Most birds can fly over walls, of course, but border infrastructure disturbs their natural way of life and further fragments habitat in an area where less than three percent of it remains. “You get a bigger footprint than just the wall,” says Ken Merritt, a retired South Texas Refuge manager. “There are temporary impacts from construction and permanent impacts.” Existing border wall segments have roads alongside them, cleared land on both sides, and surveillance cameras and light towers. Even birds that can fly over the physical structure can't avoid such exposure. According to a 2008 report from the University of Texas School of Law, “The direct effects of border wall construction and maintenance will be significant and detrimental to past, present, and future conservation efforts.”
Regardless, the government continues to move forward. The Secure Fence Act remains active legislation, and on July 27, the House of Representatives approved the Trump administration’s $1.6 billion budget request for the border wall as part of a defense spending measure. Texas Republican John Cornyn and three other U.S. senators introduced a bill on August 3 authorizing approximately $15 billion for four years of border security and enforcement measures, including barriers.
As for Santa Ana’s fate, Diaz provided a statement via email that says, in part: “Currently we are in the research and planning process for construction of new wall so it would be premature to speak about specific locations. At this point the only specific projects that we’re going to be working on, are the 35 gates in the Rio Grande Valley as authorized by the enacted FY17 Budget.”
Reports of specific locations or dates for construction, he stressed, “would be very inaccurate at this point.” Yet months of preparation work on the refuge would make it seem to be on a short list.
In addition to the wall itself, locals have another concern about the handling of wall decisions and construction. The Secure Fence Act also gave the Secretary of the Department of Homeland Security (DHS) power to waive existing laws and regulations. Then-Secretary Michael Chertoff used this power in 2007 to lift the requirement that agencies examine the potential environmental impacts of a wall before building. People here fear a waiver repeat, especially after former DHS Secretary John F. Kelly recently granted one in San Diego, where the administration proposed building 20 border-wall prototypes and 14 miles of border fencing from the Pacific Ocean to Otay Mesa.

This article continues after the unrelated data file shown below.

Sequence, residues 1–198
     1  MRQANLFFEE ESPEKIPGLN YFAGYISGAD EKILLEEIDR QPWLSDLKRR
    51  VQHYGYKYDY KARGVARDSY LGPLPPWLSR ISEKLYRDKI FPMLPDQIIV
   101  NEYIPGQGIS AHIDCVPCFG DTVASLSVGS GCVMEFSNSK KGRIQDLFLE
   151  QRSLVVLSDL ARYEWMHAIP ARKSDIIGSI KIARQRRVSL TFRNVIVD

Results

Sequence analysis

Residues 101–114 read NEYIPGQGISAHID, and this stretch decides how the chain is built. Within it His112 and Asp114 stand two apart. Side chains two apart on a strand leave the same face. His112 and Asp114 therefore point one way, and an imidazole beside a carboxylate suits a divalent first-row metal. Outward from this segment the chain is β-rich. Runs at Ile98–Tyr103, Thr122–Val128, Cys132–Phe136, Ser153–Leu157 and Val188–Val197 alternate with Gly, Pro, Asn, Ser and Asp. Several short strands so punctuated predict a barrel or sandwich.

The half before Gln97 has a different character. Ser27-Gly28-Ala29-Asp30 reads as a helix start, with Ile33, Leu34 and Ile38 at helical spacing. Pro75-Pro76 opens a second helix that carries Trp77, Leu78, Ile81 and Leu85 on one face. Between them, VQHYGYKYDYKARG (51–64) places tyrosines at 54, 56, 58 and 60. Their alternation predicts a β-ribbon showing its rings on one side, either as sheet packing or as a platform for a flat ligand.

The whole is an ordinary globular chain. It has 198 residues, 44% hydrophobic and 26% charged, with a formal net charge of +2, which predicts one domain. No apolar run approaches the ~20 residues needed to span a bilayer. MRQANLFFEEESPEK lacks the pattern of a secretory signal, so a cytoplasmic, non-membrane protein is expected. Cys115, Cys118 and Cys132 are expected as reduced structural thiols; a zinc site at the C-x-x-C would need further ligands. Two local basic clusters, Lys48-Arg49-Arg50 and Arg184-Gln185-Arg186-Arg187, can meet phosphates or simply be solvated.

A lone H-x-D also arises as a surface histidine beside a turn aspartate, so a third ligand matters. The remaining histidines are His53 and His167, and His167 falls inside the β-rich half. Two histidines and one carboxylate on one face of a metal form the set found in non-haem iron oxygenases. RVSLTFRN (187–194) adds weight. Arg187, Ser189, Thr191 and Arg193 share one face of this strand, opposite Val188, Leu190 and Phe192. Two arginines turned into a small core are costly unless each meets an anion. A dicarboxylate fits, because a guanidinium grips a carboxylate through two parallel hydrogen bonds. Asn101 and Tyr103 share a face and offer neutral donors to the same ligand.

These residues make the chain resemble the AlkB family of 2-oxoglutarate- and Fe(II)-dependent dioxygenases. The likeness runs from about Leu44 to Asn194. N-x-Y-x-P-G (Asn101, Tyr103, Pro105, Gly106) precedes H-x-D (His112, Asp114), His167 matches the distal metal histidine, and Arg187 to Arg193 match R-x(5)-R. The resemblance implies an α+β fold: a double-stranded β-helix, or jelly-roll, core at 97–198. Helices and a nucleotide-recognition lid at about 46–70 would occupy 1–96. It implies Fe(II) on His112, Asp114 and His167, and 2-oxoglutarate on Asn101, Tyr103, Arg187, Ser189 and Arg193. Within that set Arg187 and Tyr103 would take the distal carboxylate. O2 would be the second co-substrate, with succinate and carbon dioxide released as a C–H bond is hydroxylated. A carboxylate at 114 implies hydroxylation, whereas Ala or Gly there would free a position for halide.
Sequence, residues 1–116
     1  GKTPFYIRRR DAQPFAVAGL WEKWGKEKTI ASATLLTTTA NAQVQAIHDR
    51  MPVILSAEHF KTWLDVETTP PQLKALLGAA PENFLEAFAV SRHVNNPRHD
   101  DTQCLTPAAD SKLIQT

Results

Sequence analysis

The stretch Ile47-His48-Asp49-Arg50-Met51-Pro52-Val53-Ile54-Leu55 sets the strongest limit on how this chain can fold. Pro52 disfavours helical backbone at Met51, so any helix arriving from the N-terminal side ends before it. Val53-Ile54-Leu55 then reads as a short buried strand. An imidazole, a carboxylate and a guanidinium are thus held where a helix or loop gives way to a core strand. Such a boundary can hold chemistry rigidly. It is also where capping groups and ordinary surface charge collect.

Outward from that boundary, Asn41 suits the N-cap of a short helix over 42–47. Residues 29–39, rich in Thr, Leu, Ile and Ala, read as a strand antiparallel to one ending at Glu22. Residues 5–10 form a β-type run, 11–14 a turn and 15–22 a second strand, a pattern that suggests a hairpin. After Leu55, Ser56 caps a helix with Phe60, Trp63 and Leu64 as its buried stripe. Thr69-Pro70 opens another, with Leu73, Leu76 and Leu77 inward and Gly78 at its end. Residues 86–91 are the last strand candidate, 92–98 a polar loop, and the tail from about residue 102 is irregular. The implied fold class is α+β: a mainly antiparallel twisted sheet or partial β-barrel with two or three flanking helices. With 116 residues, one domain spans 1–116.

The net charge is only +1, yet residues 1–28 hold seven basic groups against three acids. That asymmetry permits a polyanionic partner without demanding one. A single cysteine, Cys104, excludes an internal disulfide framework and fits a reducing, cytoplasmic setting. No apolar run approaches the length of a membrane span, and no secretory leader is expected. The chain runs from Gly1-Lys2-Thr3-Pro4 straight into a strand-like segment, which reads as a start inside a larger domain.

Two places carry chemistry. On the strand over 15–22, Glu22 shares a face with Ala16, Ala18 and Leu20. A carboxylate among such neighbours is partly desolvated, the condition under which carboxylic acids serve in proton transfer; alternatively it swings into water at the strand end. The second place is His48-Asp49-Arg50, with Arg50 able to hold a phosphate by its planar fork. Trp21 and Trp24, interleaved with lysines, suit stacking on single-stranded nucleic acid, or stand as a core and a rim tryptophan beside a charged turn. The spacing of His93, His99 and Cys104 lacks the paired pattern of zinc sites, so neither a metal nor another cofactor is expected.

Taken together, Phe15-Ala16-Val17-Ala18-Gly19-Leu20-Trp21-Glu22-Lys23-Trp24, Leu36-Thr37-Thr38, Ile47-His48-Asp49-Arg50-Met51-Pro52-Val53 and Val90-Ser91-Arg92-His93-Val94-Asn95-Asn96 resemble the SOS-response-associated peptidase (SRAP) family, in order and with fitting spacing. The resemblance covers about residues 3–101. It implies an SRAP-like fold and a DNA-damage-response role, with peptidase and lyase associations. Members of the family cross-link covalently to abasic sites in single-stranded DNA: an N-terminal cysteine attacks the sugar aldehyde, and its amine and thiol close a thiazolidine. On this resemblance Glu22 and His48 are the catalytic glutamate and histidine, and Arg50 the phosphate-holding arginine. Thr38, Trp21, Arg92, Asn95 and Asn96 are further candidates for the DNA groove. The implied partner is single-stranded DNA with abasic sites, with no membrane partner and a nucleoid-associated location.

Diaz said that CBP has no information at this point about the possibility of future waivers, and when asked, refuge employees directed inquiries to the U.S. Fish and Wildlife Service’s external affairs office. That office provided a written statement to the effect that CBP has included the Department of the Interior, of which the Fish and Wildlife Service is a part, in initial discussions regarding implementation of the president’s January executive order calling for wall construction. That order repeatedly uses the word “immediately” and phrases such as “necessary and appropriate,” so such discussions almost certainly include a possible waiver.
A wall at Santa Ana would likely follow an existing flood levee on its north side, leaving most of this land behind the structure, just as happened at Sabal Palm. There, concerns about perception and visitor safety prompted Audubon to lease the property to a nonprofit, Gorgas Science Foundation.
“There is a stigma to the idea of a wall and that is difficult to manage from a visitor’s perspective,” Peña says. As for those 35 gates Diaz mentioned, Sabal Palm gets one of them. Although managers vow the property will remain open to visitors, a gate installed a few years ago at the nearby Hidalgo Pumphouse World Birding Center site typically remains locked.
In addition to visitors and birds, the wall also affects terrestrial wildlife. A 2011 study found that existing border barrier reduces the range of some species by as much as 75 percent, noting that small range size is associated with a higher risk of extinction. Affected species in the Rio Grande Valley include threatened Southern yellow bats, Texas tortoises, and endangered ocelots. The area’s rare stands of sabal palms rely on animals such as coyotes to spread their seeds, and the border fence makes that more difficult.
“From an ecosystem standpoint, it is devastating,” Peña says. “The refuge system in the Rio Grande Valley is legacy conservation work and Audubon was part of that. It is difficult to see such complete disregard for all that work.”